The Esri supplied code starts from 0 and increases by 1. Your method will do the same only if your FID starts at 0 and increases sequentially. An ObjectID or FID is system managed, so if you delete a record you will have gaps, and in a geodatabase you could have a feature class that has an ObjectID starting at 300000 (for example), so you're not going to ...
Lightly tested formulas follow, so proceed with caution. But following along with an example here: https://www.mathopenref.com/arcradius.html
If your circular arcs have a vertex at the middle point along the arc (which I am saying is x1, y1 in the figure), you could use it along with the start and end points to calculate the chord length "W" and the height "...
I've not used the PV tool and don't know the units on the raster, but can give you a general idea for one way to accomplish this.
Generate the raster, as you have done (don't necessarily need to clip to polygons yet if you don't want to). It may be easier to do the math using a 1m x 1m raster size so each cell is 1 square meter, assuming this isn't too ...
You need to interact with the row object, not fields. Consider the example from UpdateCursor:
fc = 'c:/data/base.gdb/well'
fields = ['WELL_YIELD', 'WELL_CLASS']
# Create update cursor for feature class
with arcpy.da.UpdateCursor(fc, fields) as cursor:
# For each row, evaluate the WELL_YIELD value (index position
# of 0), and update ...
Have a look at this tool:
SEBE (included in the UMEP toolkit, which has recently been added to the QGIS official plugin repository).
As described in the official site, SEBE (Solar Energy on Building Envelopes):
... can be used to
calculate pixel wise potential solar energy using ground and building
digital surface models (DSM). SEBE is also able to ...
This should do the trick as long as your field types work out.
arcpy.CalculateField_management(newFc, "HouseNumber", '!TEXTSTRING!', "PYTHON_9.3")
I also suggest always checking the ESRI help page when you run into one of these problems. The examples can be super helpful. Calculate Field
What a shame the to_interval expression treats each month as 30 days!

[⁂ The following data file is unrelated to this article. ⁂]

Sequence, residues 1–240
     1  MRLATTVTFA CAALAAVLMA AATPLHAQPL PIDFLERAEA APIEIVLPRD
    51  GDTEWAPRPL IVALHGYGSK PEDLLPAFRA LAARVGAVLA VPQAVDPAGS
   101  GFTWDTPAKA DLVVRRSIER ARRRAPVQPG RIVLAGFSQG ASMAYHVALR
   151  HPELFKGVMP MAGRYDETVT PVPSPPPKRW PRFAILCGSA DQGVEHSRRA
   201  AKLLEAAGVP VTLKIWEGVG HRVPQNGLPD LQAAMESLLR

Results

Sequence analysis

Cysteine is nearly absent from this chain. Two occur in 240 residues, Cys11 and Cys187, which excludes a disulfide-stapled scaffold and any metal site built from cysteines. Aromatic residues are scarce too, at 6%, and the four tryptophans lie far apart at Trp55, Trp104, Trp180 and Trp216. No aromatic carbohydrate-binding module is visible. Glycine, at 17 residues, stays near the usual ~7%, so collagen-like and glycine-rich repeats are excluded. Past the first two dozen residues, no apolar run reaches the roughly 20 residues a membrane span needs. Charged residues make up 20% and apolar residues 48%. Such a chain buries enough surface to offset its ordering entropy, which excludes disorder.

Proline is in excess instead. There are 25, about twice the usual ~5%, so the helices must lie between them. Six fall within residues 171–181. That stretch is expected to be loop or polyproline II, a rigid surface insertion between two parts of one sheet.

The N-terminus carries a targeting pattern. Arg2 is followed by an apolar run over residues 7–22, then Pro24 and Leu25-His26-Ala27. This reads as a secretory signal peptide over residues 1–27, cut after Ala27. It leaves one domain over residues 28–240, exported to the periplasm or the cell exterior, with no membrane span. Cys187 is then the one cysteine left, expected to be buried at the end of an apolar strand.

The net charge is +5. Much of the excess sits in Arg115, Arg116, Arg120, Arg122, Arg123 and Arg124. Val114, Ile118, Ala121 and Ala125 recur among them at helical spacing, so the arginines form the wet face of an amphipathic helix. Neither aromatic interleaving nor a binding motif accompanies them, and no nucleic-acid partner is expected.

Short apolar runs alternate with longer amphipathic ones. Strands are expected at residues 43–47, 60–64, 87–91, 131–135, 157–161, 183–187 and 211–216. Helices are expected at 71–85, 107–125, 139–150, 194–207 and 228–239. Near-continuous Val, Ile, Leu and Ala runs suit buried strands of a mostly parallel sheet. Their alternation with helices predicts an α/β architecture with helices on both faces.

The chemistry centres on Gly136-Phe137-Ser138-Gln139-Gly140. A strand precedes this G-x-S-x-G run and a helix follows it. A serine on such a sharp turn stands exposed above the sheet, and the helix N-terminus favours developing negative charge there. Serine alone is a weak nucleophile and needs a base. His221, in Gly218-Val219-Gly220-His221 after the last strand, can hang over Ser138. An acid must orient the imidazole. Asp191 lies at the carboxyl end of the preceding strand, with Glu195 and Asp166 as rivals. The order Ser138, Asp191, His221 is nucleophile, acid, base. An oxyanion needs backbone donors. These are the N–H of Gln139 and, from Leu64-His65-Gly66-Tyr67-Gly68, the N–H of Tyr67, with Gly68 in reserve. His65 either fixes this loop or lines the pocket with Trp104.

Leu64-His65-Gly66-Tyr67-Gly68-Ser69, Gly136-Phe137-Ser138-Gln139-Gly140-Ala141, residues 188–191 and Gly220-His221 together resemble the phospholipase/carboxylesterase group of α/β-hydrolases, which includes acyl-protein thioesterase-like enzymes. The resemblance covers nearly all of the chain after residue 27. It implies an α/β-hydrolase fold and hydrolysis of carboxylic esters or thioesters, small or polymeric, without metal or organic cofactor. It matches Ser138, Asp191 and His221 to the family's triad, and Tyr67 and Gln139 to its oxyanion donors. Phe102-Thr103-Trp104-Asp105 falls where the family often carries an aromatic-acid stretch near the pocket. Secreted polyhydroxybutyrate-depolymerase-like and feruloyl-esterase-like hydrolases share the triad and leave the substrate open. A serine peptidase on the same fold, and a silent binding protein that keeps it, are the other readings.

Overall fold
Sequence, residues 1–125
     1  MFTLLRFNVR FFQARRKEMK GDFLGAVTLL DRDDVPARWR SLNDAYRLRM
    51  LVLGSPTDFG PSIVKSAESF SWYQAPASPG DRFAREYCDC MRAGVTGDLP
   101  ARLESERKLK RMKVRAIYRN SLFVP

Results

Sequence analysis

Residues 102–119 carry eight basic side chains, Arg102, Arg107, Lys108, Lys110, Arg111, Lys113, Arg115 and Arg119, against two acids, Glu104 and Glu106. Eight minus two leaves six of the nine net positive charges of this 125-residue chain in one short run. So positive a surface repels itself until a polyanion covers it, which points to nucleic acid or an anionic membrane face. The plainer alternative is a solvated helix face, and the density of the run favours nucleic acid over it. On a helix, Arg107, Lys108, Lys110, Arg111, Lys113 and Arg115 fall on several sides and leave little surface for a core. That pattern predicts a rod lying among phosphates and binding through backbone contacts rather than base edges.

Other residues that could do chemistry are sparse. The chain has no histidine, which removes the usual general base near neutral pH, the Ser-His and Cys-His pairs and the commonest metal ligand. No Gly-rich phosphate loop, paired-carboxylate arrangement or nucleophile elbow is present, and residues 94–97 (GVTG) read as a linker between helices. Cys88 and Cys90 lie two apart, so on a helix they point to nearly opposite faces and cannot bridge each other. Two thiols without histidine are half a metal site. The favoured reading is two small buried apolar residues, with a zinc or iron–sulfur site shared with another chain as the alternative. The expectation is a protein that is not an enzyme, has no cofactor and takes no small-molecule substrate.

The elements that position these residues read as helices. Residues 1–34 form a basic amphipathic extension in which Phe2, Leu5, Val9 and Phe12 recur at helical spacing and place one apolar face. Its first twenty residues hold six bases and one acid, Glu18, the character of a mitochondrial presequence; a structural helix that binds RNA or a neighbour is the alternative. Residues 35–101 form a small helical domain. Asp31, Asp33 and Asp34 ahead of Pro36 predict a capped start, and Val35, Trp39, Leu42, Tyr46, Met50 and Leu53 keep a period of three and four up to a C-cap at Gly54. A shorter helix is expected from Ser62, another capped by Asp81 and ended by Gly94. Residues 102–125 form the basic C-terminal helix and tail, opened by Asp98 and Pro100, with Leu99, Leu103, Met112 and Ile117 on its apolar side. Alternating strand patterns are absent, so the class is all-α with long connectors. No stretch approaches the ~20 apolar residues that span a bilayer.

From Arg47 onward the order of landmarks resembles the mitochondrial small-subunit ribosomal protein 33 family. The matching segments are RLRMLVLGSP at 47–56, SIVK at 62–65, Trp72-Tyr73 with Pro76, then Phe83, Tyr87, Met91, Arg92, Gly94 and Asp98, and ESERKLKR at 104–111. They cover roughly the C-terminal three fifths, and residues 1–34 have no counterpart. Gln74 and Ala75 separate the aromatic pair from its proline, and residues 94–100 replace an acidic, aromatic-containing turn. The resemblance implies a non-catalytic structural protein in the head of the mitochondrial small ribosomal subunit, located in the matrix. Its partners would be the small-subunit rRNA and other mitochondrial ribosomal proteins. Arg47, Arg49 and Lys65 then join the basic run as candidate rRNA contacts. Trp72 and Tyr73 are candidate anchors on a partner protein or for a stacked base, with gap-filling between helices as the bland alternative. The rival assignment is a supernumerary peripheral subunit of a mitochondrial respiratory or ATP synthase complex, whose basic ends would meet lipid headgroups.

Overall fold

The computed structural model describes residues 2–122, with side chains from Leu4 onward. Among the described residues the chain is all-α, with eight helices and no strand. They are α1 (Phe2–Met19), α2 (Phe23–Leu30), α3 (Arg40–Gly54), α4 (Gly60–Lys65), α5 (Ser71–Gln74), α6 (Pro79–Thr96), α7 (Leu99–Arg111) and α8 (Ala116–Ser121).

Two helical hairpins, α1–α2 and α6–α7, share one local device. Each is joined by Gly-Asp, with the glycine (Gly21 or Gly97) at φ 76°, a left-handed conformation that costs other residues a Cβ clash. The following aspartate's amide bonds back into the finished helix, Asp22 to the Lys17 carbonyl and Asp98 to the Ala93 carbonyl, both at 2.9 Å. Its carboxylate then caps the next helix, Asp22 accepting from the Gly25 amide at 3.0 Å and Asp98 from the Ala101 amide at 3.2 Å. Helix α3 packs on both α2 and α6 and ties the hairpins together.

Here's an ugly expression which will do what you want:
right('0' || ((month("date")+"months"-1)%12+1) , 2),'-',
right('0' || day("date"),2)))
It breaks the date down into year, month and day, then uses ...
I will recommend using QGIS instead of ArcGIS, as QGIS can handle KML files properly in terms of parsing attribute table. I tested your file using both ArcGIS and QGIS. ArcGIS gives all the data as tags exactly as ou described in your question, while QGIS opened KML file and parsed the the fields properly as you can see below:
You can save the the file as ...
I recommend Raster calculator.
If your raster layername is RasterA, then try (RasterA@1 >= 0) * RasterA@1
If the cell value is 0 or greater than 0, (RasterA@1 >= 0) returns 1 (i.e. True)
If the cell value is less than 0, (RasterA@1 >= 0) returns 0 (i.e. False).
In short, (RasterA@1 >= 0) acts as a Boolean mask.
You should be able to follow these steps to delete the rows with the value of interest, in your case 2.
You will need to make the layer editable
Open the attribute table and select the features of interest
Then click the delete button.
Not sure if you could use the field directly to delete.
After searching for five minutes more, I found the function "enumerate table field" which does exactly this if you leave the attribute as "not set".
It was hidden under Table - Tools; maybe it should be moved into the Table -
You can use the python regex module. Something like:
result = re.search('<th>GEOID<\/th>\s+<td>(.*?)<\/td>', txt)
return '' # or 'not found' if you prefer
You could read more about the documentation here. You'll find the different operators available as well as an overview of the tool and sound methods.